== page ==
Sayornis phoebe

Does not nest in our area.  Prefers woodland edges.

Food: flying insects:  wasps, beetles, dragonflies, butterflies, moths, flies, midges, cicacadas and spiders, ticks, millipedes.  Will eat small fruit or seeds occassionally.

Solitary; rarely seen in groups, even as a pair when nesting.


Megachile xylocopoides


Coastal plains area of SE US

Host plants (most of which are on Womack Creek):  American and dahoon hollies, various asters, various sunflowers, snow squarestem, climbing hempvine, button bush, Virginia creeper, coast plain honey combhead, American sneezeweed, Virginia sweetspire.

Call “carpenter-mimic” because of resemblance to carpenter bees.




Pantherophis spiloides


Not protected in Florida, protected in Georgia.

Non-venomous, but as a defensive tool will waggle its tail sufficiently fast to create a rattling sound.

Length: up to 72″.

Habitat:  found only in the panhandle and northwest peninsula of Florida in a variety of locations as upland pine areas and lowland cypress swamps, along river’s edges, in farming areas.  It is the most common snake to enter homes in Florida being excellent climbers.

Food: carnivorous — small birds and eggs, rodents and other small animals.

Breeding: March through July, gestation 50-70 of anywhere from 5-27 eggs.  Hatches in September.




Asclepias lancolata Walter


Native L 48

Found in moist ditches, brackish marshes

Summer blooming

Host plant of monarch, queen and soldier butterflies; pollinated by bees, insects and moths and butterflies.

Poisonous if ingested in large enough quantities; vomiting, stupor, weakness, spasms.


Ischnura kellicotti


Found on floating lily pads in lakes.  This was on a spatterdock leaf.

Larvae cling to the bottom of the pad.

Young females are orange, but as they approach reproductive maturity turn blue.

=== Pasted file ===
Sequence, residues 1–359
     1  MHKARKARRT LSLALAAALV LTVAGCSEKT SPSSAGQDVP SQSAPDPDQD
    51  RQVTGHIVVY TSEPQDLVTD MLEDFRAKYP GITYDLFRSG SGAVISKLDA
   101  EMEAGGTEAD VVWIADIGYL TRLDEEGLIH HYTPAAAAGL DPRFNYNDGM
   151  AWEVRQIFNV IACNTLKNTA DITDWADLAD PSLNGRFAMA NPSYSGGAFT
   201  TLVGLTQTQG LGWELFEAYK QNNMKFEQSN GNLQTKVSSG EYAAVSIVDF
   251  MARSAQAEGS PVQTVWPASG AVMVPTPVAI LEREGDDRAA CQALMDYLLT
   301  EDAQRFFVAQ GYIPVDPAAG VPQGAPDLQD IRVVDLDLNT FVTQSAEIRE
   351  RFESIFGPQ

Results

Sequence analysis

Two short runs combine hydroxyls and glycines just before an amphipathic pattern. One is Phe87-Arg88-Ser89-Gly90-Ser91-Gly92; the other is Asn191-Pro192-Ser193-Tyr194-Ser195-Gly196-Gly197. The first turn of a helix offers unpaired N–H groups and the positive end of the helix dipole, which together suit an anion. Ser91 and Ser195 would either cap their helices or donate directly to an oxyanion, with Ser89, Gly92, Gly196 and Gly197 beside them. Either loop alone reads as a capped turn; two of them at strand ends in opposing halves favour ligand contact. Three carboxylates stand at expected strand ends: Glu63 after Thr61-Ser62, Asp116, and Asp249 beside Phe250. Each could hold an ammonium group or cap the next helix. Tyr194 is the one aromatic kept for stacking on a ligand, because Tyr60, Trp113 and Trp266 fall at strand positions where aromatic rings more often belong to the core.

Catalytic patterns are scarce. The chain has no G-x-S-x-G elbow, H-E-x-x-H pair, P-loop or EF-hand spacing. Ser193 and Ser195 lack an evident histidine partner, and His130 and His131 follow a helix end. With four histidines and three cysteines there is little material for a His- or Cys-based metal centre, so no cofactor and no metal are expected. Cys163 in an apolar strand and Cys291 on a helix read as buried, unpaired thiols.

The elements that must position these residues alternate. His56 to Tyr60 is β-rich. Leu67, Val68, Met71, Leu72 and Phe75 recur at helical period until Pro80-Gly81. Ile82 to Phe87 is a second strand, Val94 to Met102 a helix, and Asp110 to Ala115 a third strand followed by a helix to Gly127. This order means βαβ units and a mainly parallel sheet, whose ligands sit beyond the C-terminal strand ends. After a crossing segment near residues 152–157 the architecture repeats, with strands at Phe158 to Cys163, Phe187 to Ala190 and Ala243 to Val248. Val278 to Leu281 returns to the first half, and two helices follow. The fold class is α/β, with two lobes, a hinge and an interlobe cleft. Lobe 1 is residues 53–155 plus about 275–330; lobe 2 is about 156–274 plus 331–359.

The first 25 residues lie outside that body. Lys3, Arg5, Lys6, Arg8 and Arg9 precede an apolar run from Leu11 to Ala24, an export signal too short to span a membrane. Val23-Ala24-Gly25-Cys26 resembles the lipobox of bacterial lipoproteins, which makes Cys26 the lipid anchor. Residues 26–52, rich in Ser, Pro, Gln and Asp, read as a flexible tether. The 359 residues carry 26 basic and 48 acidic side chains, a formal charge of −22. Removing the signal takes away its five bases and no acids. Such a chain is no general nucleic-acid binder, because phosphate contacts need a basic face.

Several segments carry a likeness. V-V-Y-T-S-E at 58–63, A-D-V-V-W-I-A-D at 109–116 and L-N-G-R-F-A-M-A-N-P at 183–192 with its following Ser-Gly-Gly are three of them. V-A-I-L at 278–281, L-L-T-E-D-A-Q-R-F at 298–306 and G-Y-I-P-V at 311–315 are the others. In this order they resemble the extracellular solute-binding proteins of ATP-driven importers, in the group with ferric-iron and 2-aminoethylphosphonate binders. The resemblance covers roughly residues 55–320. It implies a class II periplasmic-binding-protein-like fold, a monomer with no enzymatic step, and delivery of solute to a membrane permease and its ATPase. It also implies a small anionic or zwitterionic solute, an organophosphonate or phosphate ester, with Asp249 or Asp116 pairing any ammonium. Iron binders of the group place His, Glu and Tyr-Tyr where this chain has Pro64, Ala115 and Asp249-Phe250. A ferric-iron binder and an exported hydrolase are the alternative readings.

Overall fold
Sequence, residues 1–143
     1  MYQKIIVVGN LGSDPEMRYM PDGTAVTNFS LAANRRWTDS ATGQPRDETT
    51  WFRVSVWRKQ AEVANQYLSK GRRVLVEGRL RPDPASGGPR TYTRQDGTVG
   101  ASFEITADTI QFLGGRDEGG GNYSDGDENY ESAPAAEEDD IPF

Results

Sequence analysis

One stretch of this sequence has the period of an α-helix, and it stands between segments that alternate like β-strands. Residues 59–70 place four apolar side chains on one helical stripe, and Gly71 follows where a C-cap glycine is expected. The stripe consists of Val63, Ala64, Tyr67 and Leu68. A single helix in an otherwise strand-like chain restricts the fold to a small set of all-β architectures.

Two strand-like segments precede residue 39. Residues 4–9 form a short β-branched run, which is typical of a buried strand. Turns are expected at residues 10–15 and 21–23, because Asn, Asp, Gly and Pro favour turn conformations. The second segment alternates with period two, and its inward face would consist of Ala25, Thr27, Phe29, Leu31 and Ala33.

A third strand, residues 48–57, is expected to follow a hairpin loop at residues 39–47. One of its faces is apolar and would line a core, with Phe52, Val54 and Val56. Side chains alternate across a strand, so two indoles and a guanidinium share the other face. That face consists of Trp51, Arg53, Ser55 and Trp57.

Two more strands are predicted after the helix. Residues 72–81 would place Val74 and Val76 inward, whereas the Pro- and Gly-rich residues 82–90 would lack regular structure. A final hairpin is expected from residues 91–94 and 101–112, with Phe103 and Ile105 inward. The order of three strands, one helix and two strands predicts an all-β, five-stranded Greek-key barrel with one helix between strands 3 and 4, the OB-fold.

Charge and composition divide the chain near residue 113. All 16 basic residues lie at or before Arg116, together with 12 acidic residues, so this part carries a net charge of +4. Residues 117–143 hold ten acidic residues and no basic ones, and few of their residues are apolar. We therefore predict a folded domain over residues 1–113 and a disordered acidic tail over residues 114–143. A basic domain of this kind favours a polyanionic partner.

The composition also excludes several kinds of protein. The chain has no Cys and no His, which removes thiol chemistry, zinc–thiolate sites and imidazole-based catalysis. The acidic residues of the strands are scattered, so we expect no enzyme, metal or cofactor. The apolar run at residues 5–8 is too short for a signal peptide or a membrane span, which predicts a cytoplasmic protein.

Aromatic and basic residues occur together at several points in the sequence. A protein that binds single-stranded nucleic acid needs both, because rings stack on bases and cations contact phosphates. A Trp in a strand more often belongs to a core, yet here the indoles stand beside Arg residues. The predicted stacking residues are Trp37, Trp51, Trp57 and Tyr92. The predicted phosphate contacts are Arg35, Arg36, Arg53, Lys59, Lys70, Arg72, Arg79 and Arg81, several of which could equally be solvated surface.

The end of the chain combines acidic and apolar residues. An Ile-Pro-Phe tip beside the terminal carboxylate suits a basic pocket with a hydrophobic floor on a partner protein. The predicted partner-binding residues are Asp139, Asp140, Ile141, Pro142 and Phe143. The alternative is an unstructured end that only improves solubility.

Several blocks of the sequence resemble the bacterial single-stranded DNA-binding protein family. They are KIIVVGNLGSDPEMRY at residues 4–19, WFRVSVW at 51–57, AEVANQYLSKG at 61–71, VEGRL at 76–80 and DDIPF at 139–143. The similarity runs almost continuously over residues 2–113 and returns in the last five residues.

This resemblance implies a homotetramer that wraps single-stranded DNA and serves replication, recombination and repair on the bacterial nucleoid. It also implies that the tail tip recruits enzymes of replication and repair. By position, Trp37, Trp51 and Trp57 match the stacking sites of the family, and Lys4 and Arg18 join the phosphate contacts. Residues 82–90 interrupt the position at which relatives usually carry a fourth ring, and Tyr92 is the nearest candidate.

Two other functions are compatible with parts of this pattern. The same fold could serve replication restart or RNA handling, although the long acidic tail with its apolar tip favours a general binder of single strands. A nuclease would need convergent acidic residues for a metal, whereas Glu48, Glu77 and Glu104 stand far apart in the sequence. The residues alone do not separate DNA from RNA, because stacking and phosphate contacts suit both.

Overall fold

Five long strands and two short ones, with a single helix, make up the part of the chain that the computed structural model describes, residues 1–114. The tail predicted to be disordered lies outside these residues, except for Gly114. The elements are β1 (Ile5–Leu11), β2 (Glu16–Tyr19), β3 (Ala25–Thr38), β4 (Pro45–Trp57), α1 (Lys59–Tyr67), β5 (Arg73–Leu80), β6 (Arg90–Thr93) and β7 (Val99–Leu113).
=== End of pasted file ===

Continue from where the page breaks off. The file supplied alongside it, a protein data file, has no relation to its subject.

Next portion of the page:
Eastern US, frequent in old fields, roadsides and pastures from Southern Minnesota and west to Colorado.

Larval host plants: various asters

Nectar sources: Black eyed Susan, butterfly weed, red swamp milkweed, gray dogwood, purple coneflower, asters

Can overwinter (enter diapause during the winter months) and adults seem to be cold tolerant.


Papilio palamedes


Southeastern coastal states from SE Virginia to Texas, including all of mainland Florida. Rare in the Florida Keys.

Host plants: Red Bay, swamp bay.   Because both bays are threatened with laurel wilt disease, it is not known what the impact will be on this species of butterfly.  Previously sweet bay was thought to be a host plant, but studies have indicated that the observations may have been referring to the spicebush swallowtail.  Palamedes will not lay eggs on sweet bay.







Xanthopastis timais


A native of Surinam, the Spanish moth, can be found in lowlands along the coast as far north as the Carolinas and west to Texas, with observations noted as far north as New York.  It can be found throughout Florida.

Host plants:  spider lilies and other Amaryllidaceae and also irises and other Iridaceae.  The caterpillars chew on leaves, bulbs and rhizomes of host plants.

This recently hatched batch had decimated the Cow Creek spider lily which hosted the eggs.  The larger caterpillar was on a swamp dragon head stem.  This was found in an area with Cow creek spider lilies, golden clubs and swamp dragon steams.  Close by are blue flag iris plants.



Querus nigra


Native L 48